Is survivorship bias affecting your investment decisions?

To understand this concept better, let’s go back a few years – back to World War II. A Statistical Research Group (SRG) in USA was assembled to understand data from the jets that returned from Nazi Germany, post a round of combat.

The task on hand was simple – use data to understand which part of the plane needs armour, keeping in mind that armour is heavy and makes the jet less manoeuvrable. Bullet holes on different parts of the jet were used as data points.

Most jets that returned saw multiple bullet holes around the wings, tail and fuselage, and very few around the engine. So the answer is simple right?

“More armour around the wings, tail and fuselage”

Wrong. The data is to be read as, “If the jets can handle fire in these areas, that means these jets are capable of returning. The armour is needed in areas with the least affected by bullets, as those jets aren’t returning from combat”. The engine needs more armour!

Funnily enough, there is great learning from this which can be applied to investing in general, such as:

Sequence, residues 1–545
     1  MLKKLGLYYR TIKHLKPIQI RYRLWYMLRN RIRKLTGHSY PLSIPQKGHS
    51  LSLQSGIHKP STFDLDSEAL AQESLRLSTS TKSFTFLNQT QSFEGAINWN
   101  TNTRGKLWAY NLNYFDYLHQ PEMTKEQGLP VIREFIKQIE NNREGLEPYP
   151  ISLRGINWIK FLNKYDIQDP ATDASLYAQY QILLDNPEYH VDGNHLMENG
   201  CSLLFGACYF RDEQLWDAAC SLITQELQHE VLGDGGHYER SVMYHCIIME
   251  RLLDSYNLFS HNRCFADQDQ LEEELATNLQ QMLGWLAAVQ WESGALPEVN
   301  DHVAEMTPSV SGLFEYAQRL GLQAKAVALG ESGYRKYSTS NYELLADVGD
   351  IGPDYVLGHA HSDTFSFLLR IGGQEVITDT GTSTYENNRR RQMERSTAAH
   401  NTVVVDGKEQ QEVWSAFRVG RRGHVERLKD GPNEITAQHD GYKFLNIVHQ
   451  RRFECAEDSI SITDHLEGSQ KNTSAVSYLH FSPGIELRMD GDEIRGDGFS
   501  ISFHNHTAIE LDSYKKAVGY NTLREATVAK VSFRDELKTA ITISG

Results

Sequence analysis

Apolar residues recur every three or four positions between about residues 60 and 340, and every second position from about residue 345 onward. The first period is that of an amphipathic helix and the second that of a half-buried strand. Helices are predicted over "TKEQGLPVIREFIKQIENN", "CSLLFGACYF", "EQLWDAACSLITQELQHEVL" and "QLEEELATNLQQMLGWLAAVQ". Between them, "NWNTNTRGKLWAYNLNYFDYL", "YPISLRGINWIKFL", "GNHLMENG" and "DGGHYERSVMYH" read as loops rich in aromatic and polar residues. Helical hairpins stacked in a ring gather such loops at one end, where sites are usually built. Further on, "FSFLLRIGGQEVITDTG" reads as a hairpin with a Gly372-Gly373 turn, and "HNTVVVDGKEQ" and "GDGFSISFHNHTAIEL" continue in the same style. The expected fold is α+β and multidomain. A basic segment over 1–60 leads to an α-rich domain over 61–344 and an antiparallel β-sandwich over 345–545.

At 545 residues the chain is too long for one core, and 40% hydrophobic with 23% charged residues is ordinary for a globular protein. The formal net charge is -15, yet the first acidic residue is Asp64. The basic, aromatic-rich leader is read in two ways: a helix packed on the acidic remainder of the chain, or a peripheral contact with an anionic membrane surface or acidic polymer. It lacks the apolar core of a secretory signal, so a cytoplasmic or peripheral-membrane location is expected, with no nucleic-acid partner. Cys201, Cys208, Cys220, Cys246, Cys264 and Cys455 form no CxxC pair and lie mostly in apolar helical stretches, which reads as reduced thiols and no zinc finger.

1. Fund Performance:

When looking at the performance of a particular fund, have a look at the stocks which were removed from the fund due to bankruptcy or failure. If any of those companies are removed from the analysis, the fund could be showing returns better than actual

2. Investor Stories:

People always tend to focus on their portfolio multibaggers and not on their poor performing stocks. This can create a skewed image of the investor and portray them as more successful than they actually are

3. IPO performance:

IPOs are considered a great way to generate listing gains amongst traders and investors. But not all IPOs are successful, as witnessed in the recent past. Defunct or poor performing IPO companies if not taken into consideration, can lead to a distorted view of the overall IPO success rate

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